Liberia: President Weah Cites Reasons for delay In Submission of National Budget, Begs for Extra Time
CAPITOL HILL, Monrovia – President George Weah has called on the Liberian Legislature to grant him additional time to prepare a budget that is realistic and reflects government’s priorities in the wake of worsening macroeconomic outlook exacerbated by COVID-19 and Russia’s ruthless war on Ukraine.
The PFM Law mandates the President to submit the proposed budget and accompanying documents to the Legislature no later than two months before the start of the fiscal year.
By: Gerald C. Koinyeneh
Counting from now to the beginning of the new fiscal year on January 1, 2023, President Weah should have submitted the draft budget on November 1, 2022.
However, in in a communication to the Legislature, the President requested an additional 22 days to submit the draft budget.
Citing reasons for the delay, the Liberian leader said the Government has not concluded discussion with the International Monetary Fund (IMF) concerning Liberia’s next monetary and fiscal policy goals, which are largely aimed at achieving macroeconomic stability.
As a follow-up to the recent discussion at the World Bank’s annual meeting, he said an IMF 5th Review Mission under Liberia’s extended Credit Facility (ECF) program is currently in Monrovia to conclude its assessment of the government’s macroeconomic developments and performance; as well as its fiscal policy outcomes and projections for fiscal year 2023. He told the Legislature that under the ECF program, negotiations with the IMF needed to be concluded before finalizing the resource envelop for the next fiscal period.
On the impact of COVID-19 and the Russia/Ukraine war, the President said: “It is important to ensure that our resource envelope is realistic and reflects government’s priorities in the wake of the worsening macroeconomic outlook exacerbated by the lingering impacts of COVID-19, the Russia/Ukraine war and the increasing expenditure demands on our meager resources.”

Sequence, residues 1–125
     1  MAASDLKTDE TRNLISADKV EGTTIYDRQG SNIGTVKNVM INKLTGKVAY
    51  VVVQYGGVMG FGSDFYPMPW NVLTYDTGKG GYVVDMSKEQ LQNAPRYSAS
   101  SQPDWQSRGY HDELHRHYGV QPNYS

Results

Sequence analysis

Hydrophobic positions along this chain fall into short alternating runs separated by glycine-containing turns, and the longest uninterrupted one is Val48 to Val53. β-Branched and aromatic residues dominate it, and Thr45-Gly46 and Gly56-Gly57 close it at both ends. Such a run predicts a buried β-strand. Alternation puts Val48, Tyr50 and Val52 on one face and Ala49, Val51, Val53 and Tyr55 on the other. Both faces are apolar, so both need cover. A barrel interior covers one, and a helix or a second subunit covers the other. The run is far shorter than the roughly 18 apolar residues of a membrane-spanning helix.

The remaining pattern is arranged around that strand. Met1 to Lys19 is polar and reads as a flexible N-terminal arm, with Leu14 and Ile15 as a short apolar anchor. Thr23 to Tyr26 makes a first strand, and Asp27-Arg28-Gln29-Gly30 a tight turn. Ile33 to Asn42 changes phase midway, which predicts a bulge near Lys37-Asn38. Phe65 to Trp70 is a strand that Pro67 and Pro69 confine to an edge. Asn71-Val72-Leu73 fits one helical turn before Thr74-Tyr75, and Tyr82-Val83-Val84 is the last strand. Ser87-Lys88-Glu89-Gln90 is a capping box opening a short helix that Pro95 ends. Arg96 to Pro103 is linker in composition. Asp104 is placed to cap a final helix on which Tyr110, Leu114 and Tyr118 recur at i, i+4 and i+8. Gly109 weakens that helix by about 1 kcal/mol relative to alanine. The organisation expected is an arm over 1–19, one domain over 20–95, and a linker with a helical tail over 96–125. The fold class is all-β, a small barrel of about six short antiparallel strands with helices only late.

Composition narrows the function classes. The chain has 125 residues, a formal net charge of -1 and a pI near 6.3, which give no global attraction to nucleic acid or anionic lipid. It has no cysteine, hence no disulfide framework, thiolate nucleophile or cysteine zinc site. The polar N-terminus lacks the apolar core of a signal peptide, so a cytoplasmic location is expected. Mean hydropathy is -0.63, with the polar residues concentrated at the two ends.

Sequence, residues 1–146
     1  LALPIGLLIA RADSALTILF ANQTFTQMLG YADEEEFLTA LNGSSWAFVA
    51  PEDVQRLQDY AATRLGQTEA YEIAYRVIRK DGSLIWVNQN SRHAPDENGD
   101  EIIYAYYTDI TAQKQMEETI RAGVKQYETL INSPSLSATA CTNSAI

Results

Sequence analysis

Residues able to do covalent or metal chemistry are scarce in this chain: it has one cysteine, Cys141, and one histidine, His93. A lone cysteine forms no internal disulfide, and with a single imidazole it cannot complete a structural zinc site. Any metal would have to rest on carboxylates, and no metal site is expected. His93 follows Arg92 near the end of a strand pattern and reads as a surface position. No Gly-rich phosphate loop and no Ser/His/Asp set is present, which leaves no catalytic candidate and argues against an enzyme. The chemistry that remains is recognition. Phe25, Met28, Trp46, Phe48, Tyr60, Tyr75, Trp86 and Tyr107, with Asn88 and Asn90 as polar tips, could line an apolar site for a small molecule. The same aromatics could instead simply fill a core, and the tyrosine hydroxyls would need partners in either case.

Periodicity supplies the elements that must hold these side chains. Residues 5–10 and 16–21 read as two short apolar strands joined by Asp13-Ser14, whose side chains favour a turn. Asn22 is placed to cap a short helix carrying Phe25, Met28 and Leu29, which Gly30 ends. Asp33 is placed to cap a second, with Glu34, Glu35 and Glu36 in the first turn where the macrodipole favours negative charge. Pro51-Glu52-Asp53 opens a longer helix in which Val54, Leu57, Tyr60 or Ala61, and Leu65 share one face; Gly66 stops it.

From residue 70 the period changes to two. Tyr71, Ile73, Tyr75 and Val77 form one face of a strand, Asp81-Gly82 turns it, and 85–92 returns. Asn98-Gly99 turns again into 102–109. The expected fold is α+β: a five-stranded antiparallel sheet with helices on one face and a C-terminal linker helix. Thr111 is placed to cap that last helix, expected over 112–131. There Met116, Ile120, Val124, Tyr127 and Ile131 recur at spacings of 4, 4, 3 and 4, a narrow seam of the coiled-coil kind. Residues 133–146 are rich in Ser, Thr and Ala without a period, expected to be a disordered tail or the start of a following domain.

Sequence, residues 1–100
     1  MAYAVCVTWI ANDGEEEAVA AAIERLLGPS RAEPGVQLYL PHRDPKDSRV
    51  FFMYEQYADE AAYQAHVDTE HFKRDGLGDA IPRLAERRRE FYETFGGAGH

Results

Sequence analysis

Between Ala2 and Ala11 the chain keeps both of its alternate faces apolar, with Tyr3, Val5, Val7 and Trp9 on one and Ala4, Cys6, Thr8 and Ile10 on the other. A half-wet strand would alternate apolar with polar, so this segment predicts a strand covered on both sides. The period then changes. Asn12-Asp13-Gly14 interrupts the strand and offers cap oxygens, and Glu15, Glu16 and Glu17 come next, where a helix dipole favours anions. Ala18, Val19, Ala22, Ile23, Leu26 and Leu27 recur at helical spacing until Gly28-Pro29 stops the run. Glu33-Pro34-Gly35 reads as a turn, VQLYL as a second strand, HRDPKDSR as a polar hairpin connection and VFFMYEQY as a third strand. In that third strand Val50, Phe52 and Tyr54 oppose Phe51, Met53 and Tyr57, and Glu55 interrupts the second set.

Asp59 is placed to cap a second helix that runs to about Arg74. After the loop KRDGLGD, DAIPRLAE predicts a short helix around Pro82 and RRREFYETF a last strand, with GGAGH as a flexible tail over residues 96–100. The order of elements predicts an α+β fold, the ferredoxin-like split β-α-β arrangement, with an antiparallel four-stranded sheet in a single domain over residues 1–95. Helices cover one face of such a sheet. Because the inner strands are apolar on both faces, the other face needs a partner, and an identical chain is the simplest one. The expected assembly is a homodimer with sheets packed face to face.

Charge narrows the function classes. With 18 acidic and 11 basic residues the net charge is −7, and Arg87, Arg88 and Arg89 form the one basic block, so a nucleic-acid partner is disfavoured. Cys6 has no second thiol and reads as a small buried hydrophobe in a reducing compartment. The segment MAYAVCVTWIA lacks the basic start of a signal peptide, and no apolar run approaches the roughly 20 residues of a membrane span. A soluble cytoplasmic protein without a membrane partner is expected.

This, he said, also includes ensuring adequate funding of the 2023 General and Presidential Elections, addressing extra budgetary pressures to subsidize the current rice situation in the country as well as to fund government’s institutions in order to remain operational without causing disruptions during the elections’ year.
“All these require agreeing the FY2023 Revenue and Expenditure Envelop with the IMF,” he stated.
In the House of Representatives, the President’s communication was greeted with mixed feelings. Following reading, Rep. P. Mike Jurry (District 1, Maryland County) called for the President’s communication to be placed on hold until Mr. Samuel Tweah, the Minister of Finance and Development Planning is invited to give more detail for delay in the submission of the draft budget.
But several of his colleagues argued there was no need to invite the finance minister as the President has already outlined the reasons for the delay. The communication was then accepted by a majority vote.
Similarly, in the Liberian Senate, Senator Abraham Darius Dillon (LP, Montserrado County), in a motion, called for the President’s request to be rejected and urged the Senate to mandate him to submit the draft resource envelope.
Senator Dillon argued that the President’s communication was belated as he waited until the deadline for submission expired.
However, Senator Gblebo Brown (Maryland County) countered that the Liberian leader’s excuse was genuine and called on the Senate to accept.
Newly Elected Senator Cllr. Joseph K. Jallah, also joining the debate, said the
Senate has no choice but to accept the President’s communication as he alone is clothed with the authority to craft the draft budget for legislative approval.
Senator Jallah said rejecting the President’s excuse will only lead to a stalemate and further prolong the submission and subsequent review of the budget for FY 2023.
Dillon’s motion was overturned, and the Senate also voted to grant the President’s excuse.